Education, From The Capitol To The Classroom

What Happens When Teacher Evaluations Reveal Problems

    Elle Moxley / StateImpact Indiana

    Teacher Wes Upton helps students with an assignment in his social studies class at Ben Davis Ninth Grade Center in Indianapolis.

    By all accounts, Wes Upton, the focus of several StateImpact stories on evaluations, is a great teacher.

    He’s a school leader at Ben Davis Ninth Grade Center. He heads up the learning community of college-bound students who want to attend Ben Davis University High School. He gets high marks on his evaluation for his contributions to the social studies department.

    But what about Wayne Township teachers who aren’t at the top of their game?

    “We will have a small percentage of teachers who fall into the ineffective and improvement necessary categories,” says chief personnel officer David Marcotte.

    That means for those educators, the evaluation process looks different. Marcotte says Wayne administrators try to intervene to help struggling teachers improve their practice.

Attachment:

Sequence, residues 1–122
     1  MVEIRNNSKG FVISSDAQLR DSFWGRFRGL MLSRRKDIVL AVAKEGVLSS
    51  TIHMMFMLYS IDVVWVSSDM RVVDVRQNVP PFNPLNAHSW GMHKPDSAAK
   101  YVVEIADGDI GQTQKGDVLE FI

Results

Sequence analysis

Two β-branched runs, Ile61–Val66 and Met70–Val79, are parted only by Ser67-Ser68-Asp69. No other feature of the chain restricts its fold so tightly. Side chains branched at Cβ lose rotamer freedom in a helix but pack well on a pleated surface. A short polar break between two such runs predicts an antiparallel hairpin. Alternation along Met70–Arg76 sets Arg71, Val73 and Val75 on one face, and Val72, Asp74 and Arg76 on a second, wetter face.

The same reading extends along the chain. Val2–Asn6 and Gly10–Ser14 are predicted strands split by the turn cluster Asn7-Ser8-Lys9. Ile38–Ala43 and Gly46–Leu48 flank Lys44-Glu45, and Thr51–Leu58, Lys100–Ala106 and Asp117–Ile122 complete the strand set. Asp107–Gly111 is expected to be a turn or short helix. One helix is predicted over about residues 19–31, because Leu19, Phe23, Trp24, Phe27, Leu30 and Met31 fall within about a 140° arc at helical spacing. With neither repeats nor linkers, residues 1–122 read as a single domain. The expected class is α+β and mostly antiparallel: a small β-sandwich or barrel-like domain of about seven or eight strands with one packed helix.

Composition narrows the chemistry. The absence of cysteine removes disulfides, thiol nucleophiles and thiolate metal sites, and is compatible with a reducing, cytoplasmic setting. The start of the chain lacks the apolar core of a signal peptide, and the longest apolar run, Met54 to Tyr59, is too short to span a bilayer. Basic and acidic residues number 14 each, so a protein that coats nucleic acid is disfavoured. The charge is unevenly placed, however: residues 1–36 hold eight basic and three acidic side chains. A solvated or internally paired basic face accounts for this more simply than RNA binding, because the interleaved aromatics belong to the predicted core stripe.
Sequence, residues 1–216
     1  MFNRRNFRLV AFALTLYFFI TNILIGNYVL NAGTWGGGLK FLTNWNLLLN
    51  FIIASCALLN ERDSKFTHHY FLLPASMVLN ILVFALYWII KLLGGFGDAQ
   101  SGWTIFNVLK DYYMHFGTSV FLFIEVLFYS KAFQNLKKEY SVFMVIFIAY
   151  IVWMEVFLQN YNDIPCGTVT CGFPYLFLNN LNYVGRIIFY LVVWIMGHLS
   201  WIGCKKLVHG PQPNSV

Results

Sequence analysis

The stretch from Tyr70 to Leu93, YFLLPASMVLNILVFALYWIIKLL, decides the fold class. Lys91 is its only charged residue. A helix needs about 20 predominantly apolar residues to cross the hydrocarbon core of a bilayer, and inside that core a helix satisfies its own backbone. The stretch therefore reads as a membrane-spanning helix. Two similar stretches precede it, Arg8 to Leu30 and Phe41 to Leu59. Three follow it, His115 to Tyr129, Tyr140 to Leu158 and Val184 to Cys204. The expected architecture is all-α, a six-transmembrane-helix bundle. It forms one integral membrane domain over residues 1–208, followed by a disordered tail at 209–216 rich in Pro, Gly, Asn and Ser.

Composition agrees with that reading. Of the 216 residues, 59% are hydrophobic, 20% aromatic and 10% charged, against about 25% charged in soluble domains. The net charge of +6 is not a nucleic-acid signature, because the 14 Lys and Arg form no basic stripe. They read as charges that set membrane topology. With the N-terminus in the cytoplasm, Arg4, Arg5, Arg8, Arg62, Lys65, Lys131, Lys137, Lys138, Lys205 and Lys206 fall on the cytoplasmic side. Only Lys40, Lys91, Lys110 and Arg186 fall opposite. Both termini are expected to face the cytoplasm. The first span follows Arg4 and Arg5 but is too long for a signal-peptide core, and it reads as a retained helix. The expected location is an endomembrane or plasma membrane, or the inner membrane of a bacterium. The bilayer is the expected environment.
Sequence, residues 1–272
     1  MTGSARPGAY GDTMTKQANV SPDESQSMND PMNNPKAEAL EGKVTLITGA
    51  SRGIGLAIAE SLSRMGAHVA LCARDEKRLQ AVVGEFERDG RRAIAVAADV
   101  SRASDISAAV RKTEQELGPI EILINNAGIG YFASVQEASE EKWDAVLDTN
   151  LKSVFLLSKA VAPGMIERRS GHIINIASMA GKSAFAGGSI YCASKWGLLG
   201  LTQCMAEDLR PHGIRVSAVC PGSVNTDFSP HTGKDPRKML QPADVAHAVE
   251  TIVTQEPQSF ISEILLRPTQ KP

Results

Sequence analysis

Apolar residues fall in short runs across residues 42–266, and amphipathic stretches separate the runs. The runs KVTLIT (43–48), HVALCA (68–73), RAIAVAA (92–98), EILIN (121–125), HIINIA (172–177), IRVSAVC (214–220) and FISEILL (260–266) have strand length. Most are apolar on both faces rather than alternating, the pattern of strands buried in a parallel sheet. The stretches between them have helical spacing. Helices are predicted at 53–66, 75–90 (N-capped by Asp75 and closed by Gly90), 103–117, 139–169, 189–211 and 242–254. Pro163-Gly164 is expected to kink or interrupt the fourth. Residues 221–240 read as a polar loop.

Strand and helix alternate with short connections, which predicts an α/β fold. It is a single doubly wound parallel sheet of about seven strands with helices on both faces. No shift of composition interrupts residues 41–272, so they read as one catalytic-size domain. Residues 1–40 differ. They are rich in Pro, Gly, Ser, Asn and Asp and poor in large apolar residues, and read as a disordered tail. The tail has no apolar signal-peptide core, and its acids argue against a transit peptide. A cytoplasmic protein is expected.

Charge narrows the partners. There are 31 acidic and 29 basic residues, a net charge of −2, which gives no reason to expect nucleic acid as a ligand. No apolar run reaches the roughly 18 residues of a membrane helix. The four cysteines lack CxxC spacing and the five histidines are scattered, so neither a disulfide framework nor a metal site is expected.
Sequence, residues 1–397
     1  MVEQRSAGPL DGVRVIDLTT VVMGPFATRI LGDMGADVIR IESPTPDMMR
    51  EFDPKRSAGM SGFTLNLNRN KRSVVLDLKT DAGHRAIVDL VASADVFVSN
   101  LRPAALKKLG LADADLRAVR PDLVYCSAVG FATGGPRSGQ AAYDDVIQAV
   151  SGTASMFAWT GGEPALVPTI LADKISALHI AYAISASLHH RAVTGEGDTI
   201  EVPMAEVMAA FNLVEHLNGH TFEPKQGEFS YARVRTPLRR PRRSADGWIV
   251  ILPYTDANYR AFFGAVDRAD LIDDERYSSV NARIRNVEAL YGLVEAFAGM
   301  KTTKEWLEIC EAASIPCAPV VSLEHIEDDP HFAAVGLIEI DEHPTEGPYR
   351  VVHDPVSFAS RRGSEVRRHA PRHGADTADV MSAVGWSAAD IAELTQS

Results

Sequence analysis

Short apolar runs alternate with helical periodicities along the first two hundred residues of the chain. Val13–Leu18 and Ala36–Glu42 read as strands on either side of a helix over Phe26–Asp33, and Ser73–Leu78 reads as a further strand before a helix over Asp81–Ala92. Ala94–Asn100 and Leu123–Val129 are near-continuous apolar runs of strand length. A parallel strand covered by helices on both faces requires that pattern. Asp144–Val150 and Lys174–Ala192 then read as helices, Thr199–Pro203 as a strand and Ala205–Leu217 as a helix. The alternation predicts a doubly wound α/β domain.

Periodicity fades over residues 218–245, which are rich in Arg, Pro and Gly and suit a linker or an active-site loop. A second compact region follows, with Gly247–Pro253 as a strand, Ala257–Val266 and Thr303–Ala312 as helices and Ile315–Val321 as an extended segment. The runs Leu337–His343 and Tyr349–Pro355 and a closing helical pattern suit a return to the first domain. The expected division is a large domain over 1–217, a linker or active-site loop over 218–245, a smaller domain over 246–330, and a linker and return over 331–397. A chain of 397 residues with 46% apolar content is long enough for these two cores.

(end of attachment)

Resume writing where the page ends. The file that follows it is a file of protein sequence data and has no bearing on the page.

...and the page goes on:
Steve Samuel, the assistant principal who completed Upton’s evaluation, says it’s important to let teachers know right away when there are concerns.

    “This part of the process should not be the first time the teacher is aware we have some things we think they should be working on,” says Samuel.

    Administrators at the Ninth Grade Center try to be in classrooms every month for a walk-through or an observation. Any problems are noted so Samuel can set up a conference with the teacher.

    “We have a walk-through form that they would get,” he says. “We would note what we wanted to talk to them them, and we would have that discussion and offer resources.”

    One solution: Samuel says he usually tries to connect the teacher to someone else in the department that can help rectify the problem. If concerns persist, there’s still time to discuss them during the post-evaluation conference:

    ‘Hey, you must have worked on this, I was concerned about it, and we talked about it back in September, but in November when I did your observation, I didn’t see a concern anymore — or I did — and here’s the next step.’

    So based on our level of concern, there’s a variety of things we can use to help support that teacher, from those conversations about strategies all the way to formal plan to improve to be very specific about what needs to improve, what supports will be there, and what the timeline is for that improvement.

    Teacher who receive “improvement necessary” or “ineffective” ratings aren’t eligible for advancement in Wayne Township’s salary schedule.



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